Charles: If I had the opportunity to go back in time, I will do things smarter but I will not change a thing. However smartness grows with experience.
AMH: Was there a time you almost gave up your art? If yes, how were you able to pull through?
Charles: It wasn’t easy at the beginning as I studied electrical engineering as my first degree and my parents didn’t want to hear about filmmaking. Apart from no support, I was stressed out daily to get a real job and almost gave up the dream but I am glad I am here today.
…my parents didn’t want to hear about filmmaking.
AMH: With regards to camera types, models and lenses, which are your favourites?
Charles: No preferences for me, I have worked with various ranges
AMH: Please share 4 tips for filmmakers who are hoping to become successful like you in the entertainment industry.
Charles: Don’t sit and wait, Get up and do something. Strive to be better on every job. Consistency is key and humility will take you places
AMH: Tell us about your new projects
Charles: I have two new works in the making Charlie Charlie (the movie shot in Nigeria, Ghana, Canada and Italy) and of course, Blood of Enogie Series coming soon on IROKOtv.
AMH: Lastly, since you started your career, what has been the most challenging job you took on, and why?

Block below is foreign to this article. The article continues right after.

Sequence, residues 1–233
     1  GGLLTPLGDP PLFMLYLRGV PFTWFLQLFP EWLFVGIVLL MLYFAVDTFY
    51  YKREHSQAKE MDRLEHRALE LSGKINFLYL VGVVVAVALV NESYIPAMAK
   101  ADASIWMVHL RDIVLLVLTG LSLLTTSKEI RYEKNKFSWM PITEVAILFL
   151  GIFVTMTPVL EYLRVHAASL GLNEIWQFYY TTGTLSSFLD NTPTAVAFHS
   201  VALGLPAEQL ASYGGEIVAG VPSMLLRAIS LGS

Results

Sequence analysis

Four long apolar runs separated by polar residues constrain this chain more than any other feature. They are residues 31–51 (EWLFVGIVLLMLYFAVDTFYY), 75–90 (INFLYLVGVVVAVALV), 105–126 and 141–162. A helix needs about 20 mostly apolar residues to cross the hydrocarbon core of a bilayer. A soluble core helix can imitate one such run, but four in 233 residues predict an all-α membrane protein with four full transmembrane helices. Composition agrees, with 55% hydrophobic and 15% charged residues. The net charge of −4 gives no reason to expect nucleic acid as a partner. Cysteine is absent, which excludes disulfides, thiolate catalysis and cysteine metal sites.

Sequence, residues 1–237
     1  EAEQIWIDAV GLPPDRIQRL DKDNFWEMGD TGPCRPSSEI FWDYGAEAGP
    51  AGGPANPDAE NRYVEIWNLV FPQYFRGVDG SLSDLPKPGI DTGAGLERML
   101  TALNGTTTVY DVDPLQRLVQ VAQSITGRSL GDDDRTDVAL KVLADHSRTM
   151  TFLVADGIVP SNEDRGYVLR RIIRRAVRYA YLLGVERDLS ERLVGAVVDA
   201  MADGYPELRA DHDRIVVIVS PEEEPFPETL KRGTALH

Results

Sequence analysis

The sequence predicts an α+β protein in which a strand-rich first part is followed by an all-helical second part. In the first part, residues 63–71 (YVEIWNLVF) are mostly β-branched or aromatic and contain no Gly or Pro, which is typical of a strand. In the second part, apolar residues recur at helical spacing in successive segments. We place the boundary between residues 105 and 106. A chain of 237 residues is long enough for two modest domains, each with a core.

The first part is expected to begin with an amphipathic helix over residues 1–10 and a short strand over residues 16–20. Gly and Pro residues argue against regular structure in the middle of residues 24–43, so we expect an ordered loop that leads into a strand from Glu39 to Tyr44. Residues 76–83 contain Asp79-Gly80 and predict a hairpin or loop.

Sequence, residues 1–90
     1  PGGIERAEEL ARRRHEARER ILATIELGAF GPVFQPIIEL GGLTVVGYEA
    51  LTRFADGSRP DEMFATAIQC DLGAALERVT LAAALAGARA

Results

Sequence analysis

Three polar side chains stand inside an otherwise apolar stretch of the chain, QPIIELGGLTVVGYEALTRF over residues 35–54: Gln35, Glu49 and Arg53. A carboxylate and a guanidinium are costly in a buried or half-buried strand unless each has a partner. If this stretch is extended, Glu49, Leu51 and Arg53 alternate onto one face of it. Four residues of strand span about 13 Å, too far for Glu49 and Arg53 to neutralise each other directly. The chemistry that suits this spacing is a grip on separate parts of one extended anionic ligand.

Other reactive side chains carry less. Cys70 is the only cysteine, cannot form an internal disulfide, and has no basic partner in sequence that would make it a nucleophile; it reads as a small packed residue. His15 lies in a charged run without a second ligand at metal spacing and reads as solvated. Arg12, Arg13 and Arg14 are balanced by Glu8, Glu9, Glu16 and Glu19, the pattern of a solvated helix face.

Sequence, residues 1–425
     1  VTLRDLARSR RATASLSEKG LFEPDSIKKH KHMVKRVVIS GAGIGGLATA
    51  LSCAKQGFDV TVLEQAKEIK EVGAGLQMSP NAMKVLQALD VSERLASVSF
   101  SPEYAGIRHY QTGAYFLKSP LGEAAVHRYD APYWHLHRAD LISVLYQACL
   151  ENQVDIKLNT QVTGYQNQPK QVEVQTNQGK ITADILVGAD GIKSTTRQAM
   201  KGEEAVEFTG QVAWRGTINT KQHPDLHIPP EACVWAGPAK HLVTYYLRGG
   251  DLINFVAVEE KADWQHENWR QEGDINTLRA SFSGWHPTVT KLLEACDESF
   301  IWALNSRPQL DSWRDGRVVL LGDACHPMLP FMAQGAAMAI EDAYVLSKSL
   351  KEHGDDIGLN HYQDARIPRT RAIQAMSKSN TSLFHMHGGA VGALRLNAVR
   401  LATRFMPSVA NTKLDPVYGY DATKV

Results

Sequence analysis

Charles: My most challenging job so far is the Blood of Enogie Series; 78 days on set and counting, and we are still not done with principal photography, over 400 casts and crew. Permit me to talk a bit more about this film we are creating.
My most challenging job so far is the Blood of Enogie Series; 78 days on set and counting, and we are still not done with principal photography, over 400 casts and crew…
Why Blood of Enogie Series is my Best Work Yet
The Blood of Enogie is an epic series produced by Creative Unit Studios for RokTV Nigeria. The plot begins with a stinging message from the gods which sends panic to the household of the Enogie (king) of Idugbor community in the ancient Benin kingdom. After five miscarriages and an unending pressure from friends and kinsmen, the Enogie marries a new wife with hopes that the gods will grant them favour and mercy.
Then, there is a conspiracy in the palace. To secure her place as the only wife of the Enogie, the new wife devises a well-thought-out plan. A taboo is said to be committed and the first wife is sentenced to death. Unknown to everyone, she is expecting a child, a possible heir, so the story goes.
Shot in several locations in Benin and Abeokuta, the intrigues of Blood of Enogie Series centres around a simple story simple yet so captivating. I dare say you cannot read a few pages of the over 1250 scenes script and drop it.
Apart from this, the production design, arts, sets, locations, costumes, etc, were so real and beautiful. I am excited to have done this work.
I also need to add that the actors were on fire. They came with a passion and preparation I have never seen. Stars that featured are Chioma Akpotha, Caz Chidebere, Maryanna Apollo, Etinosa Idemudia, Angela Eguavoen, Iyabo Ojo, Moyo Lawal and many other amazing actors.
Finally, the culture and traditions of the Binis (people from Benin, Edo State) played dominant in the Blood of Enogie Series. The costumes, the music, oh my God! I can’t wait for the world to see what we have prepared with the Blood of Enogie Series.
Filmmaking is hard and tasking and needs a lot of intelligence and commitment.